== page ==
Since When Did Homecoming Dances Become Such A Big Deal?

by Julie Scagell
Julie Scagell

Back in my day, being asked to a homecoming dance was thrilling in and of itself. There was no pomp and circumstance, no grand gestures. It generally amounted to a boy nervously picking up the phone (yes, I’m so old we actually used to talk to each other on phones) and stammering, “Will you go with me?” at the person on the other line.

The end.

My daughter, officially a high-schooler this year, told me matter-of-factly that she would be attending her first ever school dance with a friend we know and approve. “Oh, that’s great honey,” I remarked. “When did he ask you?”

“Well, he told me he is asking me, but he hasn’t, like, ‘asked me’ asked me yet because it’s not all planned out yet,” she explained, while my brow furrowed in yet another dead giveaway of my uncoolness.

“Mom, you don’t just ask someone. It’s a whole production now,” she said impatiently while my mouth opened and closed like an oversized goldfish. Say what, now?

Kids today are coming up with all sorts of ways to outdo each other vying for the attention of potential homecoming dates. Spelling out “HC” in rose petals, creating elaborate scavenger hunts, slapping “Wanted” posters all over school hallways, or decorating their rooms with flowers and balloons. What’s next, a carrier-pigeon? And all the while they use social media to capture it and hopefully garner a “yes” (and hundreds of likes) in the process.

While kids today do get points for creativity, there are some very real drawbacks to this very public tradition.

For one, most of these “productions” require money, oftentimes lots of it. For kids (usually boys) who don’t have the means to keep up, it can leave them feeling inadequate and embarrassed. It can also require parents or friends to help construct these elaborate campaigns, leaving those who don’t participate feeling either guilty or more isolated.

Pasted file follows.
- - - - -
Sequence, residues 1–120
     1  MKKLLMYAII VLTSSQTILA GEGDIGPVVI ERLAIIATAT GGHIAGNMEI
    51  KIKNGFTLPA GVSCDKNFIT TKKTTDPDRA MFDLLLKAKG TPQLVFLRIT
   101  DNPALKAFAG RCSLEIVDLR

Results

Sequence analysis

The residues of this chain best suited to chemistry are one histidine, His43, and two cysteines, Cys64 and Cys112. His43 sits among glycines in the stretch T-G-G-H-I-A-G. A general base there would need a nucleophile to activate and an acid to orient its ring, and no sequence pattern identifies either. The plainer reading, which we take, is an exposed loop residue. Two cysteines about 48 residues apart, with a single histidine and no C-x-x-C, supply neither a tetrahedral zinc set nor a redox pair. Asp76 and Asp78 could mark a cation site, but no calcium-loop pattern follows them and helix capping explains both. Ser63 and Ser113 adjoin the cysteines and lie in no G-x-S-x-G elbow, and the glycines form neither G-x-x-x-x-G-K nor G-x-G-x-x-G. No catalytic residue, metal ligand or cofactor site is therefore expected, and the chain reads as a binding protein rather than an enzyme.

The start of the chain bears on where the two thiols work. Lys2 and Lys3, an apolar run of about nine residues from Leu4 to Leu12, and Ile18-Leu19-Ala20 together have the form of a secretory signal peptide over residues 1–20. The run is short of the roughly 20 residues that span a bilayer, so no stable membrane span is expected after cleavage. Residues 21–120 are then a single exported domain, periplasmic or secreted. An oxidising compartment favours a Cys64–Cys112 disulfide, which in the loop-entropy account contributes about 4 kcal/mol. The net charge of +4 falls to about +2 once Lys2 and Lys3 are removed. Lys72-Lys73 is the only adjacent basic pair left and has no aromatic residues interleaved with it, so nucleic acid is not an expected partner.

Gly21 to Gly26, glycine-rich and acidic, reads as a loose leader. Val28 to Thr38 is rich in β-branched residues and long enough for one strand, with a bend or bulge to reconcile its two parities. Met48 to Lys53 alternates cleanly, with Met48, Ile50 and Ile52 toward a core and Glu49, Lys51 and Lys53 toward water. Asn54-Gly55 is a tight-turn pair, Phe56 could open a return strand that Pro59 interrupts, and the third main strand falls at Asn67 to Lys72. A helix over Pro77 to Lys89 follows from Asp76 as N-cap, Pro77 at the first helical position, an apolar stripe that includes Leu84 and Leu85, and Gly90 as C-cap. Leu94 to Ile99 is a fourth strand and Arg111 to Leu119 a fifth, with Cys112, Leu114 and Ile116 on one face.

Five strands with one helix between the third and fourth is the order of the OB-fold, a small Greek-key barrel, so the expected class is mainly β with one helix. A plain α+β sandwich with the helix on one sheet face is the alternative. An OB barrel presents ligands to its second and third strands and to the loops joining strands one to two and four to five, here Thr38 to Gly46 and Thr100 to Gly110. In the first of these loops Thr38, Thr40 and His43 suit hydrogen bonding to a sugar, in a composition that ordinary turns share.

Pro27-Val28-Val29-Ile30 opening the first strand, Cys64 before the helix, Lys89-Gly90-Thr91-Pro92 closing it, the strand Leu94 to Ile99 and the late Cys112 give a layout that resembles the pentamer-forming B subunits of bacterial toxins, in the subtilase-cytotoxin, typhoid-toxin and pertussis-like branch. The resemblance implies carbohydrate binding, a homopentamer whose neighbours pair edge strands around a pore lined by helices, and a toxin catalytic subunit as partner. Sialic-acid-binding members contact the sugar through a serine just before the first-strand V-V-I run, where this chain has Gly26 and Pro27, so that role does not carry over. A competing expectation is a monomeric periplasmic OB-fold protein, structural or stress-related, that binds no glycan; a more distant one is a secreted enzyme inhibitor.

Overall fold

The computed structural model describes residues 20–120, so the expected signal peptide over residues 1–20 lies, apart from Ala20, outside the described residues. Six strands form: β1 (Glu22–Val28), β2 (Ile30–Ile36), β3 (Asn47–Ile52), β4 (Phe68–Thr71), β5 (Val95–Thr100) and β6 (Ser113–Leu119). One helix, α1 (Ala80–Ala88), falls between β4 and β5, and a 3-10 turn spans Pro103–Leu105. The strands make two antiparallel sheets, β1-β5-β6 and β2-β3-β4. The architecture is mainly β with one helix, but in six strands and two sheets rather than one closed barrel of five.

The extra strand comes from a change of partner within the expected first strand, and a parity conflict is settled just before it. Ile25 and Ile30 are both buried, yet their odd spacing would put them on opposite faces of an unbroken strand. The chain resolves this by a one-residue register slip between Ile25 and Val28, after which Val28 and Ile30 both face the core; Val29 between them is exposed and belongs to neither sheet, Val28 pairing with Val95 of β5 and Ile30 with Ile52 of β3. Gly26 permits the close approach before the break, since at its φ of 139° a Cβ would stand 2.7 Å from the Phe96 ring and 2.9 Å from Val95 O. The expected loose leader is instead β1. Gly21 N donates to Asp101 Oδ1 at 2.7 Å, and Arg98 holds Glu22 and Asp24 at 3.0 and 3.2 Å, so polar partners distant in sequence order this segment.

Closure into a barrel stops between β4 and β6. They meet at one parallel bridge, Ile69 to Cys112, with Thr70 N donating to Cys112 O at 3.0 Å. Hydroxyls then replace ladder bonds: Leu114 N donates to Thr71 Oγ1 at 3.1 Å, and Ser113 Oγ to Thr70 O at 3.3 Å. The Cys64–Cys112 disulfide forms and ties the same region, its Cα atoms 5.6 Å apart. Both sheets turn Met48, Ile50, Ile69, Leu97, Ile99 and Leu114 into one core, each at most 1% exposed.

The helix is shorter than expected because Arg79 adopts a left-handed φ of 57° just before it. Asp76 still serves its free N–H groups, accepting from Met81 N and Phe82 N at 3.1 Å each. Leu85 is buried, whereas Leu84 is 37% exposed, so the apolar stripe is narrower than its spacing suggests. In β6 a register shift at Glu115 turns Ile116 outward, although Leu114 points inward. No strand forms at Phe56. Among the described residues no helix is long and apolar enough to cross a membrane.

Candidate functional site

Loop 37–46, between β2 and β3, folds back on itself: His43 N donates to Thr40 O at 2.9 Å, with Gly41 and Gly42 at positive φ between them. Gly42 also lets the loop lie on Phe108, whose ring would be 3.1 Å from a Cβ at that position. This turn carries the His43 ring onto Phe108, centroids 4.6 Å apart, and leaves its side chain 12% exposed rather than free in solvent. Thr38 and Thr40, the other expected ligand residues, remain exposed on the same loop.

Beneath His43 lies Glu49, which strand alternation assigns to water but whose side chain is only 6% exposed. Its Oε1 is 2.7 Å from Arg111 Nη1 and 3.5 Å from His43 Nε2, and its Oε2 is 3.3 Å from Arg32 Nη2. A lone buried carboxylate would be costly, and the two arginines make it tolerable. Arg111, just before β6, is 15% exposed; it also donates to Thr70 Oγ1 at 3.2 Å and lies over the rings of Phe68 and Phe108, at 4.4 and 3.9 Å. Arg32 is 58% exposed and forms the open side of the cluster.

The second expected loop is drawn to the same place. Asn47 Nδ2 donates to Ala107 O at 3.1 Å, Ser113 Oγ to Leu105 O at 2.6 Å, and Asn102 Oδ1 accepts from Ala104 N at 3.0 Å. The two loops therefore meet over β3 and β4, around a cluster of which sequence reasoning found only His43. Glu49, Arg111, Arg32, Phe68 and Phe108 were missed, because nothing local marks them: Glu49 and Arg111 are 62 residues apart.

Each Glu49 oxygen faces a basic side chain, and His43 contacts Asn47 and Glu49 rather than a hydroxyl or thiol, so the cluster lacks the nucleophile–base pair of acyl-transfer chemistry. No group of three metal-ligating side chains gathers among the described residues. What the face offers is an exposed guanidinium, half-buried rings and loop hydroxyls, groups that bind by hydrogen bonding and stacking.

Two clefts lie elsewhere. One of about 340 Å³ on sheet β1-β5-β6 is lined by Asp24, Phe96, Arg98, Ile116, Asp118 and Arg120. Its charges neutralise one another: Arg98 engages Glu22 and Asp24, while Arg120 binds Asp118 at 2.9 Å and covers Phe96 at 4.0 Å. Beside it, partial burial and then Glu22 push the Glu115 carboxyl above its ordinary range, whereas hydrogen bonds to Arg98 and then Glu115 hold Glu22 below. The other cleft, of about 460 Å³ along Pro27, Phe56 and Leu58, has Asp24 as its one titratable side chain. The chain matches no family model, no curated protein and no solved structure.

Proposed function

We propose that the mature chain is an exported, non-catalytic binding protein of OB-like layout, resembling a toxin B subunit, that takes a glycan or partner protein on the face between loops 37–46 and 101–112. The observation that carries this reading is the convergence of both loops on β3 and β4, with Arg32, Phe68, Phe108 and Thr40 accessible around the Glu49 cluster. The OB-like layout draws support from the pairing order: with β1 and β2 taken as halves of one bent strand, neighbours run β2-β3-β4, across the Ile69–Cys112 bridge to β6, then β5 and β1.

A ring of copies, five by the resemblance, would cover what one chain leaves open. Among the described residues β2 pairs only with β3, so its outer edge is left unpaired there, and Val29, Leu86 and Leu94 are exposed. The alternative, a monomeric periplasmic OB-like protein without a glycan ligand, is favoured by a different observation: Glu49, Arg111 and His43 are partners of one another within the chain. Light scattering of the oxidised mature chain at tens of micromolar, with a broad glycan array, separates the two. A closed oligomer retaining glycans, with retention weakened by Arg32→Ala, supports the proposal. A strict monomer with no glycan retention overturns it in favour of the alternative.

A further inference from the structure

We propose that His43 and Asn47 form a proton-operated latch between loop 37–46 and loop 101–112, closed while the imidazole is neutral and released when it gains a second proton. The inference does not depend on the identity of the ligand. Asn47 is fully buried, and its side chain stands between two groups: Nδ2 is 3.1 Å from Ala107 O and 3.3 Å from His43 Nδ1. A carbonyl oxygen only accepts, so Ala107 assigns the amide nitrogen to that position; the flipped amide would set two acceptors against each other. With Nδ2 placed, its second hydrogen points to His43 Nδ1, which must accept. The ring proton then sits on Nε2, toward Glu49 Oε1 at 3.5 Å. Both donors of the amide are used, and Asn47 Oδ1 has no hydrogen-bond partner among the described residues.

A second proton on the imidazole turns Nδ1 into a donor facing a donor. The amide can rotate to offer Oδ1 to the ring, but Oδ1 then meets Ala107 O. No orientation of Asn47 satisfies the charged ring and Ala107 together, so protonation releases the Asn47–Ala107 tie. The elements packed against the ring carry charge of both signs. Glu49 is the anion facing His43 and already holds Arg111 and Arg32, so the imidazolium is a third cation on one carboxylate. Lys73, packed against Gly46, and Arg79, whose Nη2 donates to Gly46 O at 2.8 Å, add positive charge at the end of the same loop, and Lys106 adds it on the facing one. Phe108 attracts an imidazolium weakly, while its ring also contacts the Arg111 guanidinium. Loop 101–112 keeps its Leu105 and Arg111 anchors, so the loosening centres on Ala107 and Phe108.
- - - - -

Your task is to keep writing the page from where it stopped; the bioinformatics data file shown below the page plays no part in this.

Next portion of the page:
Pressure also prods kids, usually boys, to ask their dates in fashion similar to their peers. Those with an aversion to attention may be deterred from attending a dance altogether, something that more than one of my boy-mom friends said their son would be doing. Throw in social media which makes these grand gestures instantly visible for all to see, and it’s just another way to ostracize kids who don’t get asked or aren’t comfortable doing the asking.

We are also sending a message to those on the receiving end, in most cases young girls, that they can’t say no. My daughter and many of her friends are of the opinion that if a boy goes to this amount of effort to ask them, regardless of how they feel about their suitor, they would never, ever say no. It doesn’t matter how disappointed a girl is or who she actually wanted to go with, she will be deemed the rude or bitchy one for declining.

Aren’t we teaching our girls from a very early age that, no matter how uncomfortable they are or whether they want to go or not, their feelings matter less than someone who exerted so much effort on their behalf. That she is somehow indebted to him and owes him that date he worked so hard to get.

It seems like a lot of unnecessary stress on both sides of the equation. You aren’t asking for that person’s hand in marriage here; you are attending a school dance together. Can we just leave it at a phone call and save the big, sweeping gestures for when it really matters?